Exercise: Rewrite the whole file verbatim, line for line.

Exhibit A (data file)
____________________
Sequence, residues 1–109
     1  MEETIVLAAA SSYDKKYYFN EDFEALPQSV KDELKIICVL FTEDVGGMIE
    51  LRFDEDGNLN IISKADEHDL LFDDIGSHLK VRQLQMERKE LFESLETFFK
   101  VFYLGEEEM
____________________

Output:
Sequence, residues 1–109
     1  MEETIVLAAA SSYDKKYYFN EDFEALPQSV KDELKIICVL FTEDVGGMIE
    51  LRFDEDGNLN IISKADEHDL LFDDIGSHLK VRQLQMERKE LFESLETFFK
   101  VFYLGEEEM